Postgraduate Researcher (Ph.D.)
B.Sc. Geography (1st Class Hons), Queen's University Belfast (2007)
M.Sc. Climate Change, University of East Anglia (2008)AAAAAAAAAAAAAAAAAAAAAAA Room 02 041 Elmwood BuildingSchool of Geography, Archaeology and PalaeoecologyQueen's University BelfastCounty AntrimNorthern Ireland BT7 1NN E-mail: firstname.lastname@example.org aaaaaaaaaaaaaaaaaaaaaaaaaaaaaaaaaaaaaaaaaaa
Research project (Environmental Change cluster)
(Supervisors: Dr Dave-Favis-Mortlock, University of Oxford; Dr Rowan Fealy, National University of Ireland Maynooth; Professor Paula Reimer, Queen's University Belfast; Dr Maarten Blaauw, Queen's University Belfast)
Soil erosion by water is not currently a major issue in Ireland, owing to the predominance of permanent grassland and hence year-round protection of the soil from rainfall and runoff. When the land cover is removed following tillage, however, the soil becomes exposed to the forces of rainfall and flowing water, and ‘a window of opportunity’ is presented for soil erosion to occur. Past evidence suggests tillage was once more important than pasture in Irish agriculture, with a shift from livestock husbandry towards intensive arable farming prompting soil erosion, as evidenced by landscape features such as colluvial steps, documentary sources on traditional farming practices, and sedimentary deposits in lake bottoms. Insufficient protection of the soil following tillage is therefore a key ingredient in the development of soil erosion on agricultural land, as is a sufficient supply of rainfall to exploit the exposed soil. Any changes to the frequency of tillage or the amount/intensity of rainfall may therefore be expected to increase future soil erosion rates.
The potential exists for such changes to increase Irish soil erosion rates under future climate change. Increased rainfall intensity and greater winter rainfall amounts are projected for Ireland, which may result in increased runoff from agricultural land. In addition, projected increases in annual temperatures may cause a shift in land use to accommodate a possible introduction of crops suited to the warmer conditions. Therefore any changes from the current predominance of permanent grassland to arable farming will increase tillage and therefore reduce protection of the soil from erosion.
This project examines the impacts of future climate change on soil erosion by modelling future erosion rates using the Water Erosion Prediction Project (WEPP) model (Flanagan and Nearing, 1995) for a selection of sites in the north of Ireland, chosen to maximise variability in geography, land use, soil type etc. Most previous studies of soil erosion under future climate change (eg. Favis-Mortlock and Boardman, 1995; Pruski and Nearing, 2002; Kim et al, 2009) use raw General Circulation Model (GCM) output to perturb the erosion model to represent changed climate conditions. Due to the coarse spatial resolution of GCMs and the much finer scale nature of soil erosion, however, some method of generating higher resolution climate change projections is desirable to more robustly model future erosion rates for individual sites. In this study, the Statistical DownScaling Model (SDSM) (Wilby and Dawson, 2007) is used to ‘downscale’ coarse GCM output to the point-scale. This makes possible the assessment of site-specific future rainfall and temperature changes upon future soil erosion rates. In addition, despite the crucial importance of land use, and hence vegetation cover, most previous climate change- soil erosion studies assume that land use will continue unchanged into the future (Favis-Mortlock and Guerra, 1999). Here, potential future land use scenarios for the modelled sites are considered, to examine how both direct and indirect impacts of climate change may impact future soil erosion rates in Ireland.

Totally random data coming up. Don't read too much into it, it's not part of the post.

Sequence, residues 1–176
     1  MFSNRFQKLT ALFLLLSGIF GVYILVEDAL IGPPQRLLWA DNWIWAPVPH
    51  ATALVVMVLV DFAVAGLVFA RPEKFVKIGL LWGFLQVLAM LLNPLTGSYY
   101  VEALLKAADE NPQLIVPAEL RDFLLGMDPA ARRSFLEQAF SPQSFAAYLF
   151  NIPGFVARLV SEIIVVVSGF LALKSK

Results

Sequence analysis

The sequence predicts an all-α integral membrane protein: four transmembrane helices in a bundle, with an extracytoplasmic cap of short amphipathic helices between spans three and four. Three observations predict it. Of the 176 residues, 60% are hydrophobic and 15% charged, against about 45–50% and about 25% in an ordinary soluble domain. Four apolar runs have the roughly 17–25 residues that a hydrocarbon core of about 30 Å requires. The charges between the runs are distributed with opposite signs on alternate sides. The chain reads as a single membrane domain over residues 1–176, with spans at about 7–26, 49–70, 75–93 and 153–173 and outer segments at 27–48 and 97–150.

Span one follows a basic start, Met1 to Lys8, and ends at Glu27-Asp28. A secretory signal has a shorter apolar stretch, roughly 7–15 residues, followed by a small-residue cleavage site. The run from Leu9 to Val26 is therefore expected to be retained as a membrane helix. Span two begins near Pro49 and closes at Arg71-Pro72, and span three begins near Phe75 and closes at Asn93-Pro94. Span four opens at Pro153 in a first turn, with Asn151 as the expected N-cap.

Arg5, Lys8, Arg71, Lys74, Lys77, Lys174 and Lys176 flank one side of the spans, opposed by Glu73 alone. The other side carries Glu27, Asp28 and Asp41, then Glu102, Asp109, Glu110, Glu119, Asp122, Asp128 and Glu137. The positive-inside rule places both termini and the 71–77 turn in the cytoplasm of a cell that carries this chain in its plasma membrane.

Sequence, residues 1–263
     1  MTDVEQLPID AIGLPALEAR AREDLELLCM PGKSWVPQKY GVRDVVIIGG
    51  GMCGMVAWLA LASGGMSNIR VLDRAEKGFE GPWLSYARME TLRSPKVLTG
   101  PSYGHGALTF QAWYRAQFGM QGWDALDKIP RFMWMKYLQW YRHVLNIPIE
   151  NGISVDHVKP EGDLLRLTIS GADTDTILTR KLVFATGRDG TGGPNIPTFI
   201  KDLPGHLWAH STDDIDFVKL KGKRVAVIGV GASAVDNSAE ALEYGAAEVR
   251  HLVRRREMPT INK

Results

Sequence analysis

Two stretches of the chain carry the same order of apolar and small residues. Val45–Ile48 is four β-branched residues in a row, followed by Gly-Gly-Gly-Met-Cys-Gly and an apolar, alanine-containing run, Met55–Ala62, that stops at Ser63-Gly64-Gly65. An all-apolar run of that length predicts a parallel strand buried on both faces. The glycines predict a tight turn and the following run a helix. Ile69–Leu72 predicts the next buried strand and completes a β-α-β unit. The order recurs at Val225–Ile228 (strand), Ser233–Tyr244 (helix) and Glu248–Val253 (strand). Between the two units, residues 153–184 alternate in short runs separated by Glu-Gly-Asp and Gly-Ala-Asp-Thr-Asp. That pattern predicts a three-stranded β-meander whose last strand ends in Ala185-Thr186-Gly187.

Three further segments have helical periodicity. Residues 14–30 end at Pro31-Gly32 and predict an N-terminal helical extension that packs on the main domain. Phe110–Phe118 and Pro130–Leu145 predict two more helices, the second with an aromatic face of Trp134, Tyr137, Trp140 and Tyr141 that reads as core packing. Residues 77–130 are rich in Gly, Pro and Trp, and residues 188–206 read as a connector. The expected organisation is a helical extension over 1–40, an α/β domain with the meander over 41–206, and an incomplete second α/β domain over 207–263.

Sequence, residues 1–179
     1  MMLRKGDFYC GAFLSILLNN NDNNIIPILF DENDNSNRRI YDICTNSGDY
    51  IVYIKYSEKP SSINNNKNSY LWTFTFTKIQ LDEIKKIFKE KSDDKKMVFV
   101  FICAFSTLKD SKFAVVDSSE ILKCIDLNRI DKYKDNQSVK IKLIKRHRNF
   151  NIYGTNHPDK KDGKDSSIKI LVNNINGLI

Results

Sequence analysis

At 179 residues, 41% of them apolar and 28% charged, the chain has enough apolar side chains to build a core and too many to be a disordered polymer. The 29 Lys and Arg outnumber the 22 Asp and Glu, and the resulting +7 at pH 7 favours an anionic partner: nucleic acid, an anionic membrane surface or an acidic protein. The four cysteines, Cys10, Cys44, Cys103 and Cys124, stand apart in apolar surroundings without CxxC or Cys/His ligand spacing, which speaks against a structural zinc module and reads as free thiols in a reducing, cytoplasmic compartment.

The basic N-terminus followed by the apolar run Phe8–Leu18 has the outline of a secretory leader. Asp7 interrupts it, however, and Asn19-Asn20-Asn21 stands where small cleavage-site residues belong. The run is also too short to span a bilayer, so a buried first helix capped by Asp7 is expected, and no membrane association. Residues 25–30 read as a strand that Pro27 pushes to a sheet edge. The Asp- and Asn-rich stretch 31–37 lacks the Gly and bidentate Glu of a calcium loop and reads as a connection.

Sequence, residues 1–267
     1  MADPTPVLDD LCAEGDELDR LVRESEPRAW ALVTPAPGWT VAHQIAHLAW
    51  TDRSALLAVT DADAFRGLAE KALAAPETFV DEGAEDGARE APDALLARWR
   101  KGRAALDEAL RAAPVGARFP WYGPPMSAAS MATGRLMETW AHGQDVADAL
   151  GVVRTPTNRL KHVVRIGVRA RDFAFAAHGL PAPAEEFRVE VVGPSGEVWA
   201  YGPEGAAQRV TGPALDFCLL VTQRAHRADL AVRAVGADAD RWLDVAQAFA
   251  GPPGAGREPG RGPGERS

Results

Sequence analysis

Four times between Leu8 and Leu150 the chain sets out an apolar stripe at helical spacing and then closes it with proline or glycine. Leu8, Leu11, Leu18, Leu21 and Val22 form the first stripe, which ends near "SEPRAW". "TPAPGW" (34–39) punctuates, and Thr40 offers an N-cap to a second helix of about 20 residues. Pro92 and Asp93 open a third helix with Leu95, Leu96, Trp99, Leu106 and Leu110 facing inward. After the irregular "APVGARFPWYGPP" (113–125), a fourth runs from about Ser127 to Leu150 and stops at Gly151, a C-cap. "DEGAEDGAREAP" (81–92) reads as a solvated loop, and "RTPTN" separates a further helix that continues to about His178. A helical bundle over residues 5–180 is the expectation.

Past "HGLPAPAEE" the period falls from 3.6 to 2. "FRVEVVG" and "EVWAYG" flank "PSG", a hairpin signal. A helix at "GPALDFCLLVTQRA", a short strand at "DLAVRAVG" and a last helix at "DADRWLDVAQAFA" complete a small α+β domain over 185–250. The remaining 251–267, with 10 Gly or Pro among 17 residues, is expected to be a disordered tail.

I am interested in many aspects across the earth, environmental and atmospheric sciences, including synoptic climatology, climate modelling, downscalinng climate change projections, geomorphology, environmental modelling, soil erosion by water, and geography education.
(1) Favis-Mortlock, D.T. and Mullan, D.J. (2011) Soil erosion by water under future climate change, In: Shukla, M. (ed.) Soil hydrology, land use and agriculture. Oxford: CABI, pp. 384-414.